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Your uvula is the drop-like tissue hanging down the middle of your upper throat. It has several vital functions, including:
If your uvula is swollen or damaged, it can impact your ability to talk, eat, and breathe normally.
A swollen uvula can touch the back of your tongue, causing the sensation of a foreign object in your throat. It can cause difficulty eating and breathing and sometimes contributes to sleep apnea.
If your uvula becomes inflamed and begins to cause issues in your daily life, you should talk to your doctor. Seek immediate medical care if you have trouble breathing.
Uvula swelling (uvulitis) can be caused by:1,2
Infections that affect your uvula are likely to cause other symptoms, such as a sore throat or tonsillar swelling. When only the uvula is swollen, and there’s no infection, the condition is sometimes referred to as Quincke’s disease.1
You should see a doctor if you experience the following symptoms:
Treating a swollen uvula is essential to prevent further complications. Your doctor can diagnose the cause of your swelling with a physical exam, a history of your symptoms, and possibly a blood test or throat culture.
The proper course of treatment will depend on the underlying cause, but it usually includes medication. You may also need to avoid certain irritants or allergens.
In rare cases, you may need uvula reduction surgery (uvuloplasty). It’s the only option if you have a naturally elongated uvula unrelated to inflammation.
Your doctor will prescribe medication according to the cause of your swollen uvula:
Sometimes uvulitis is caused by a virus. If your healthcare provider determines this to be the case, they won’t prescribe antibiotics, as they’re only effective for bacterial infections.4
Your symptoms may subside independently. However, your doctor may prescribe a steroid to relieve the swelling.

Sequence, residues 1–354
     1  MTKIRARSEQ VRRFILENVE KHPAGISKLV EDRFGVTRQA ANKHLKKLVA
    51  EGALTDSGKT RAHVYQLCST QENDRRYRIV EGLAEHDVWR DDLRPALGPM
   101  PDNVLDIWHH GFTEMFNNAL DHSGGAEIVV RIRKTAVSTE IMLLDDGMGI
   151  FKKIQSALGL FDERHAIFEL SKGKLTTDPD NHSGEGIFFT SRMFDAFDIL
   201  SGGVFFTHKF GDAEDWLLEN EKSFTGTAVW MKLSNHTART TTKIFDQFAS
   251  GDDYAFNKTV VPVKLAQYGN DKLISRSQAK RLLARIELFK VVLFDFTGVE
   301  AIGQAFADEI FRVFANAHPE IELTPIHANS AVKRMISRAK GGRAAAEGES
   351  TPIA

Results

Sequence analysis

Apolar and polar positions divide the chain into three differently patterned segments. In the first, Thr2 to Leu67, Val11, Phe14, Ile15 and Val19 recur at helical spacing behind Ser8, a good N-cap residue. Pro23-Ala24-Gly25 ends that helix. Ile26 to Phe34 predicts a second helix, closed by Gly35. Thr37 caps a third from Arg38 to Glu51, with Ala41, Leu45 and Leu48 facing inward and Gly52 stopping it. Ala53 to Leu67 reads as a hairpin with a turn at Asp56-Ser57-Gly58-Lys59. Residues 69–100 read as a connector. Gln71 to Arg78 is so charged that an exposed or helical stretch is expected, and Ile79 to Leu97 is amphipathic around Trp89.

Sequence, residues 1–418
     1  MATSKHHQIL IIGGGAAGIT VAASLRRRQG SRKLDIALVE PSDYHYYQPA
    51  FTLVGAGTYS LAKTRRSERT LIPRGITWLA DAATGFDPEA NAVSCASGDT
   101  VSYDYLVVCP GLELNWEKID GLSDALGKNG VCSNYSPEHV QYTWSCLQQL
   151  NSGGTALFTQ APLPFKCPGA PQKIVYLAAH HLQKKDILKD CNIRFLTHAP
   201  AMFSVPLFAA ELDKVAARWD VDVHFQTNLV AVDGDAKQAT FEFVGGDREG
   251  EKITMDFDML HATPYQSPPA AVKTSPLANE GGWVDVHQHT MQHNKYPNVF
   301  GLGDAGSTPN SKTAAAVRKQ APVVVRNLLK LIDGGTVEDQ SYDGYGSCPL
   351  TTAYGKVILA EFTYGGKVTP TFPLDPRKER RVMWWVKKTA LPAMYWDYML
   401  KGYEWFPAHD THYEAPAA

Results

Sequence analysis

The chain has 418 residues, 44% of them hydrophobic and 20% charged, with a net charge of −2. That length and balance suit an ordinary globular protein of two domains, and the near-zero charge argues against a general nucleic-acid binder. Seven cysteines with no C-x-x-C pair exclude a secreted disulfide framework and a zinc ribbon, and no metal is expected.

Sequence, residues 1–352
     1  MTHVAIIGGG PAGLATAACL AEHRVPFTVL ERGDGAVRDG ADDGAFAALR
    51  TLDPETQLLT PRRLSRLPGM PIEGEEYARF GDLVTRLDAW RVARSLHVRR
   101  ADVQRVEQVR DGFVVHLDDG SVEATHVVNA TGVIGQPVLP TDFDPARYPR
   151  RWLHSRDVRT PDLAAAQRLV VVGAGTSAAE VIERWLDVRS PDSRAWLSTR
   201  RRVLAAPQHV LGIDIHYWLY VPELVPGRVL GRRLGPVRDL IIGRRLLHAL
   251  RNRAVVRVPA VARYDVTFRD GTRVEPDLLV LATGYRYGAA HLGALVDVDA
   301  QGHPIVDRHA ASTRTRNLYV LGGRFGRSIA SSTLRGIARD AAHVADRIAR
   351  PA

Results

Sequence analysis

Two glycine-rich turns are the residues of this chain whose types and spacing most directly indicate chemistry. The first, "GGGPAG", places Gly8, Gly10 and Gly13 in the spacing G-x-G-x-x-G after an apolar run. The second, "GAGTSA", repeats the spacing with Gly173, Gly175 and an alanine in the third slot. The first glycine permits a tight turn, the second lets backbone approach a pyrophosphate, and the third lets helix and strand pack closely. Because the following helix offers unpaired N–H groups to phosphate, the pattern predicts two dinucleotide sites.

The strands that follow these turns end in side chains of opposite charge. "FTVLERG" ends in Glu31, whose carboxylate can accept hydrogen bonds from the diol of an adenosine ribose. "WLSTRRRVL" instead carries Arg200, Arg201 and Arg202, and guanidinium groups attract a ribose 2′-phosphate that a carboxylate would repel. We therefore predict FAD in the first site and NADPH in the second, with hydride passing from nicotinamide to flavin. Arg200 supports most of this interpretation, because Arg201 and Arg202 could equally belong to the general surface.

To relieve the discomfort of a swollen uvula at home, you can use some common sore throat remedies, such as:
These home remedies aren’t likely to reverse the swelling. But they can relieve throat pain while your symptoms subside on their own or while you take the medicine prescribed by your doctor.
It’s essential to see your doctor to determine the cause of the swelling because the wrong treatment could prolong your symptoms. In one case, uvulitis caused by a virus only began to subside once the person stopped taking antibiotics.4
Your uvula can be injured during surgery, particularly if your healthcare providers place a breathing tube down your throat (intubation). Intubation may cause trauma to your uvula, making it swollen.
As your body recovers, your swollen uvula should improve. In the meantime, your doctor may suggest taking OTC medication to relieve pain or prescribe a steroid to reduce inflammation.
Talk to your doctor if you don’t see any swelling reduction or experience any additional symptoms, especially if they affect your ability to breathe or eat.
Uvula swelling is generally temporary. As your body recovers from whatever caused it, the swelling should decrease, especially with appropriate treatment.
It’s important to seek advice from a medical professional to ensure your treatment is appropriate to the cause. For example, a bacterial infection may require antibiotics, while a viral infection needs a different approach.
In addition, while your swelling may go down on its own eventually, anti-inflammatory steroids prescribed by your doctor could shorten your recovery time.
You can’t prevent every possible cause of a swollen uvula, but you may be able to reduce your risk by doing the following:
Around 2% of people have a cleft or bifid uvula, which is a uvula with a split down the middle. It is technically a mild form of cleft palate and often doesn’t cause any problems.
You can be perfectly healthy and have a split uvula. It’s a bit more common in Asian and Native American populations. However, in some cases, it can be a sign of an underlying disorder affecting your soft palate or other connective tissues.
A cleft uvula isn’t the same as uvulitis and may not indicate anything wrong. But you should see a medical professional if you notice any unusual changes or symptoms relating to your uvula.
Your uvula is the tissue hanging down in the middle of your throat. It performs several important functions related to breathing, eating, and speech.
Inflammation of the uvula (uvulitis) can cause it to swell, interfering with everyday activities and possibly making breathing difficult. Infections, irritation, and a variety of other causes can cause uvulitis.
If you notice unusual changes to your uvula, have persistent throat discomfort, or have trouble breathing normally, you should talk to your doctor as soon as possible.
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